What we have today is a very involved and dangerous political destabilization of the region. Even previously very stable countries like Saudi Arabia are now facing violence. The war has reinvigorated weakened terrorist network with new recruits and more funding and a goal...fight the crusaders (that would be Americans). It has basically grown the seeds of Al Qaeda-linked groups and those like them. Add in the militias that we've armed and the local cultures of revenge and power... and wah la.... civil war without ending. Kline can be a soldier directing the war until the end of days with his 'stay the course' policy but it will ultimately bankrupt the United States and end up here anyway. John Kline will shortly being using Bu$h's 'blame the victim' by blaming Iraq. But ask yourself, did Iraq ask to be invaded? Did the Iraqis promise American anything? Or did America lie to them just like they lied to us. Kline should be held accountable just like Bu$h for what has happened in Iraq. It didn't just happen...they lead us there with thier "we could have won in Vietnam" beliefs.
Those who want to know more on what is truly happening can't depend on the local media. The three blind mice could have done a better job in the last five years. Try these ‘must read’ on the Iraq war. Let me know if you have a favorite not listed among these.
Juan Cole on Informed Comment, a very in dept look at all the information in the Middle East with insight by Juan:
And Nuri al-Maliki, head of the al-Da`wa al-Islamiyah Party (Islamic Call [Shiite]) will make all those concessions to the Baathists over his own dead body. (Remember he is already being stoned when he goes to Sadr City; what do you think the Shiite masses will do to him if he kisses and makes up with the remnants of the Baath officer corps?)On the other hand, I have long argued that the neo-Baathist and Baathist-cum-Salafi guerrilla movements are the central political actors in Sunni Iraq, and something like the process described by al-Zaman will have sooner or later to be attempted
Baghdad Burning, an female blogger in Iraq, very insightful inspired by Read Jarrar’s Blog.
A final note. I just read somewhere that some of the families of dead American soldiers are visiting the Iraqi north to see ‘what their sons and daughters died for’. If that’s the goal of the visit, then, “Ladies and gentlemen- to your right is the Iraqi Ministry of Oil, to your left is the Dawry refinery… Each of you get this, a gift bag containing a 3 by 3 color poster of Al Sayid Muqtada Al Sadr (Long May He Live And Prosper), an Ayatollah Sistani t-shirt and a map of Iran, to scale, redrawn with the Islamic Republic of South Iraq. Also… Hey you! You- the female in the back- is that a lock of hair I see? Cover it up or stay home.”And that is what they died for.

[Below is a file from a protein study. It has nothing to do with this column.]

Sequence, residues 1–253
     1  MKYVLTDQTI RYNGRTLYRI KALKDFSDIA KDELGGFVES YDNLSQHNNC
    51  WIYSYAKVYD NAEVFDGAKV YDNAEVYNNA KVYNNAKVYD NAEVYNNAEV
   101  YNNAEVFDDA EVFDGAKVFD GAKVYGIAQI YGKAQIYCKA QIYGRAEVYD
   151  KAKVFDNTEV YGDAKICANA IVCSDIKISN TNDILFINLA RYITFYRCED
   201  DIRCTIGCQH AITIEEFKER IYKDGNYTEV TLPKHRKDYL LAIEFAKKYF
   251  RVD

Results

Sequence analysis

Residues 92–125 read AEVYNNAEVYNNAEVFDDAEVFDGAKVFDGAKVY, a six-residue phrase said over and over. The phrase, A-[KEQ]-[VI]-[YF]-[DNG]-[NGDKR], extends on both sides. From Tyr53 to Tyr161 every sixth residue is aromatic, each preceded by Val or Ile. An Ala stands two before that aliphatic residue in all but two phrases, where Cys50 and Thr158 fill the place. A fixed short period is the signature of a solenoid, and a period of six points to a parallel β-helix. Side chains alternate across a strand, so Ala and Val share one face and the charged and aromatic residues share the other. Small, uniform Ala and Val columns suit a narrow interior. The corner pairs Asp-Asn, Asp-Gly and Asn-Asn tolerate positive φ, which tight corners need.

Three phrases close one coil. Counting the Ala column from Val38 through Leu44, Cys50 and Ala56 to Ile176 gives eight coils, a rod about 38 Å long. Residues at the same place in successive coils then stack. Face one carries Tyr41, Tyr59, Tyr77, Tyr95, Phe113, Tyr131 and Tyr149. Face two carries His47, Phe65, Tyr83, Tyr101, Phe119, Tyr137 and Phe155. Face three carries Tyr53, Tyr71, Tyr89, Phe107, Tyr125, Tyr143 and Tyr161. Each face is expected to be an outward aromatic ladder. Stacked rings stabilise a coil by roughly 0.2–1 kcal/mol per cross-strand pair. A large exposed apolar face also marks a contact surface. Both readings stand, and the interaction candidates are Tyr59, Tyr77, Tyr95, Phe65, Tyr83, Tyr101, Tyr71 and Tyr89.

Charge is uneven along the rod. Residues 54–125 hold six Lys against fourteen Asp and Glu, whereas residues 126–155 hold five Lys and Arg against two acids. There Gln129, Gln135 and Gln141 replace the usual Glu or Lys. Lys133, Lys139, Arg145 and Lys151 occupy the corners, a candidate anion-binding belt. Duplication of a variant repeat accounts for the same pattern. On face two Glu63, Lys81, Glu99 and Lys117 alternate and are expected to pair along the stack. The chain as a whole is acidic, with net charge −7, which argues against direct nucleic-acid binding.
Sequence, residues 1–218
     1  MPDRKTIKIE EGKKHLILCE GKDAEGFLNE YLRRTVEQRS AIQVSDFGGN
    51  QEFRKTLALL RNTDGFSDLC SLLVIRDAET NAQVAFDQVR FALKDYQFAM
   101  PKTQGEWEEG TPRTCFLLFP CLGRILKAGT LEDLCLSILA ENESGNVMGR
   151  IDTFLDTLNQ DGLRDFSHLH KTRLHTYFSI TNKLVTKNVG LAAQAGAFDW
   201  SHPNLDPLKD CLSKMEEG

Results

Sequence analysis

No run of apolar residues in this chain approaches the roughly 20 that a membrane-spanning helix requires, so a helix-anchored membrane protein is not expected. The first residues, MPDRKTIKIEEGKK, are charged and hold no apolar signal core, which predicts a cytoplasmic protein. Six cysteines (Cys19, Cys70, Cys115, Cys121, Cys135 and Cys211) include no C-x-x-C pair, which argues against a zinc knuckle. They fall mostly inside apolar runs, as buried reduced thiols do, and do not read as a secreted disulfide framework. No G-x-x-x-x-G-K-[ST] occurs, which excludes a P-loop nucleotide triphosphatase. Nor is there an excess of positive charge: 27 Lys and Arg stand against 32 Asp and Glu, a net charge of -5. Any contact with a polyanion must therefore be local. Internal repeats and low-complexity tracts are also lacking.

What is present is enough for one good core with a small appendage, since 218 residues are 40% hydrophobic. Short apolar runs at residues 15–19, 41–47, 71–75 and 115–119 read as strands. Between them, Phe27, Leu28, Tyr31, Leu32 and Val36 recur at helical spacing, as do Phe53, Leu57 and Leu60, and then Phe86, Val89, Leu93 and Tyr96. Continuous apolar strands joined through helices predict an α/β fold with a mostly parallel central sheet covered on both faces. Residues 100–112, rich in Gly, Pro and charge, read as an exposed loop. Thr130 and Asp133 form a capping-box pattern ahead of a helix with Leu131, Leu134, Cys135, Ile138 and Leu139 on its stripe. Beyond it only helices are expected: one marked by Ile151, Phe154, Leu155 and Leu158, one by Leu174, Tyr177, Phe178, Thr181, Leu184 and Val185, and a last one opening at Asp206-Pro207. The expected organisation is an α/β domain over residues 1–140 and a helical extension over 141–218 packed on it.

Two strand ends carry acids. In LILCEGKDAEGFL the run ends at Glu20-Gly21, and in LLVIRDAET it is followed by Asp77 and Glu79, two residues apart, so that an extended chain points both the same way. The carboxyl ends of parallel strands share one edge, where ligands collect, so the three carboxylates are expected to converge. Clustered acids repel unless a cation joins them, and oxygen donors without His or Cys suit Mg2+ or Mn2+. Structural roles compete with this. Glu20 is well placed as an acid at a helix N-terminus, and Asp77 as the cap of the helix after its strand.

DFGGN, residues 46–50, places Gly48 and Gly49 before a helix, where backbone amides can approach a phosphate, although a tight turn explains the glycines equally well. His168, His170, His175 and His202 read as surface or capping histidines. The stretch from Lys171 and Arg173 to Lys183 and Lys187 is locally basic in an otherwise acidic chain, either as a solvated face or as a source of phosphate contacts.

Back to Iraq, former AP reporter who is a good read on the fly for background information.
Ain el-Rummane, a Christian neighborhood in the hills above Beirut occupies an ominous place in Lebanese history. It was here, in 1975, near a statue of the Virgin, that a bus full of Palestinian refugees was ambushed by Christian militiamen. It was a massacre in response to an assassination attempt, and the reprisals it generated in turn quickly grew into the Lebanese civil war.Today in Iraq, a picture of failure happening through out Iraq…it’s not pretty.
Bring ‘em on: Three U.S. Army soldiers were killed and two wounded during combat operations in Baghdad, the military said today. The Multinational Division soldiers died at about 9 a.m. Sunday, the command said, without providing any details about what had happened.
A transition to failure, an oldie but none the less true assessment of what has come to be in Iraq:
Insurgent Iraq, You have to at least know the players (something our own government leaders have lost sight of?)
While certainly the Iraq War does indeed represent “hard work” – as the President pointed out more than 22 times during the debate – it more importantly symbolizes the colossal failures of the Bush administration. As the daunting statistics of the “transition” reveal, “remaining steadfast” will only compound a terrible error in judgment.
The occupation of Iraq is today less about rolling back Iraqi military power, dislodging a tyrant, or building a stable democracy than it is about fighting an insurgency -- an insurgency that is now driven substantially by the occupation, its practices, and policies. We can take a first step toward understanding the insurgency by locating it within the broader field of popular Iraqi opposition to the occupation, which is widespread.
Antiwar Blog, The Corner, Truthout, more insight on what has happened in Iraq particularly politically.